Indiana farmer awaits Supreme Court decision on Monsanto seed patent case
Indiana farmer Hugh Bowman is back home after a trip to Washington, DC, to hear his case being argued before the United States Supreme Court. Agri-giant Monsanto says this 75-year-old bachelor farmer is a threat to its existence.
Eyewitness News traveled to Knox County to find out why.
The seeds of this lawsuit were born in the field, but cultivated at a kitchen typewriter. That's where Bowman crafted a letter to Monsanto in 1999 that led to the company filing suit against him seven years later.
Sitting in a recliner in his living room of his rural Knox County farmhouse, Bowman said he was not intimidated.
"You can run me over but I am not getting out of the road," he said.
Bowman wanted to use the company's seed to plant double crops - wheat and then soybeans. The company said he could not do that and it said he couldn't buy outbound grain from the local seed bin, either.
"They said the elevator could not sell us seed out of those bins. That's illegal but we could buy outbound grain and then use it as seed. We had that right long before Monsanto had their patent right," Bowman argued.
Thanks to a pro bono defense, he was able to take his fight all the way to the United States Supreme Court earlier this week.
He admits to being a little disorganized as he waded through mounds of legal documents stacked up in one bedroom of the rural farmhouse, but he says there is a method to his madness, including storing back-up copies in the old freezer in the barn.
Bowman is a 75-year-old bachelor farmer, so it should come as no surprise that he would have a little independent streak to him. And he does.
He displays that as we are about to walk outside when he grabs a Monsanto hat off of the top of the refrigerator and slaps it on his head.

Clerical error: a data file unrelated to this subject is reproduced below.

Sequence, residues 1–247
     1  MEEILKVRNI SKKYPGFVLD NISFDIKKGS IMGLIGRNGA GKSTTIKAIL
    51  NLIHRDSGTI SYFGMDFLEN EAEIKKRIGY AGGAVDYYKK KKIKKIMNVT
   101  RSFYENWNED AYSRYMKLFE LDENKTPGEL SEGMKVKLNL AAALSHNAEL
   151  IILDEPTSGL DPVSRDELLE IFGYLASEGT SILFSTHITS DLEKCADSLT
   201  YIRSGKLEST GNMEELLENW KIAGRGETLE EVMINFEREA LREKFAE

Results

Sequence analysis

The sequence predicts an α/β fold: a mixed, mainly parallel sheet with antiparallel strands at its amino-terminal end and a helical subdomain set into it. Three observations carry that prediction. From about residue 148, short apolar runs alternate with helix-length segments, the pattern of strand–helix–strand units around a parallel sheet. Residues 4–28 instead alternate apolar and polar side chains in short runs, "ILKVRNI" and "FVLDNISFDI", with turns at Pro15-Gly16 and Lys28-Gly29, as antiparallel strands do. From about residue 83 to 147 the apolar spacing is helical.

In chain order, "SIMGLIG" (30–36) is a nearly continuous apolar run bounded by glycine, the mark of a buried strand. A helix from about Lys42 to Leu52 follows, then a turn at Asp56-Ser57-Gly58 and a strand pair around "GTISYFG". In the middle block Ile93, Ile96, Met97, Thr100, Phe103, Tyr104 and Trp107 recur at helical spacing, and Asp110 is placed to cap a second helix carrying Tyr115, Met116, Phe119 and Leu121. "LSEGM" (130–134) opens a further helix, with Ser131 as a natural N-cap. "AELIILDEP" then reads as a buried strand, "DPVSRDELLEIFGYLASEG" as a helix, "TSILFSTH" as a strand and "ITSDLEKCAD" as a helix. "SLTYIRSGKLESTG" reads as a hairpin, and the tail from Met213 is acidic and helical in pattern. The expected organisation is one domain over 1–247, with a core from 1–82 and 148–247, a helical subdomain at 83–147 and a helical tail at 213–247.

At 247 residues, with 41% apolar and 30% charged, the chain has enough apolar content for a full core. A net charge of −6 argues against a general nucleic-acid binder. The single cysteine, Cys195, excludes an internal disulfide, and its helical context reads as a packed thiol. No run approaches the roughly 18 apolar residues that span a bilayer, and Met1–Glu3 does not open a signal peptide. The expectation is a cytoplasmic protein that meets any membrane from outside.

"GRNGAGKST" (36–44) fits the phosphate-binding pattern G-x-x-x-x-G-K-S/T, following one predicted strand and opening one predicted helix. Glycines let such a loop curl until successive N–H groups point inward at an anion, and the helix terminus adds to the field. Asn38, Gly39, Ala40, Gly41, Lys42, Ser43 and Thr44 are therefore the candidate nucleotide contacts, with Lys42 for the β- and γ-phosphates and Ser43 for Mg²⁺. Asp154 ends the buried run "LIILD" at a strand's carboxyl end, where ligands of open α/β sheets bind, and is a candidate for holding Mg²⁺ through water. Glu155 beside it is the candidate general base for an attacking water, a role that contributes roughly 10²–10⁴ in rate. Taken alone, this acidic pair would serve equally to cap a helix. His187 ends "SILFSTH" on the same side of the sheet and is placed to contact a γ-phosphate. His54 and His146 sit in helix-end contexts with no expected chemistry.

"Here. I will wear this so you can get a photograph of that," he quipped.
That is when he dropped this bombshell when he revealed the fact that he couldn't even hear his case being argued before the nation's high court, because he is hard of hearing and his assigned seat was in the very back.
"So you went through all this, get there and you can't even hear your own case?"
"Nope. Didn't even hear my own case. That aggravated me," he said.
Maybe that is just as well since he later learned from his attorneys that his side did not appear to make a favorable impression on the court.
"They should be looking for current justice and not future problems. They said if I would win it, it would bankrupt Monsanto. That is no reason to be against me if I am right," said Bowman.
But don't feel sad for Bowman. No matter what he says, he would do it all again.
"It's taken a lot of my time and as slow a typer as I am I probably got a million dollars in minimum wage typing," he said.
And Bowman still farms about 300 acres in rural Sandborn.
"My dad always said if you are going to farm with junk you better have a hell of a lot of it."
And he does. In fact it would take three shots of ether to get his truck started so he could go to lunch. He has to hurry because he has a radio interview with Food Nation when he gets back.
The High Court is not expected to rule in this case until June.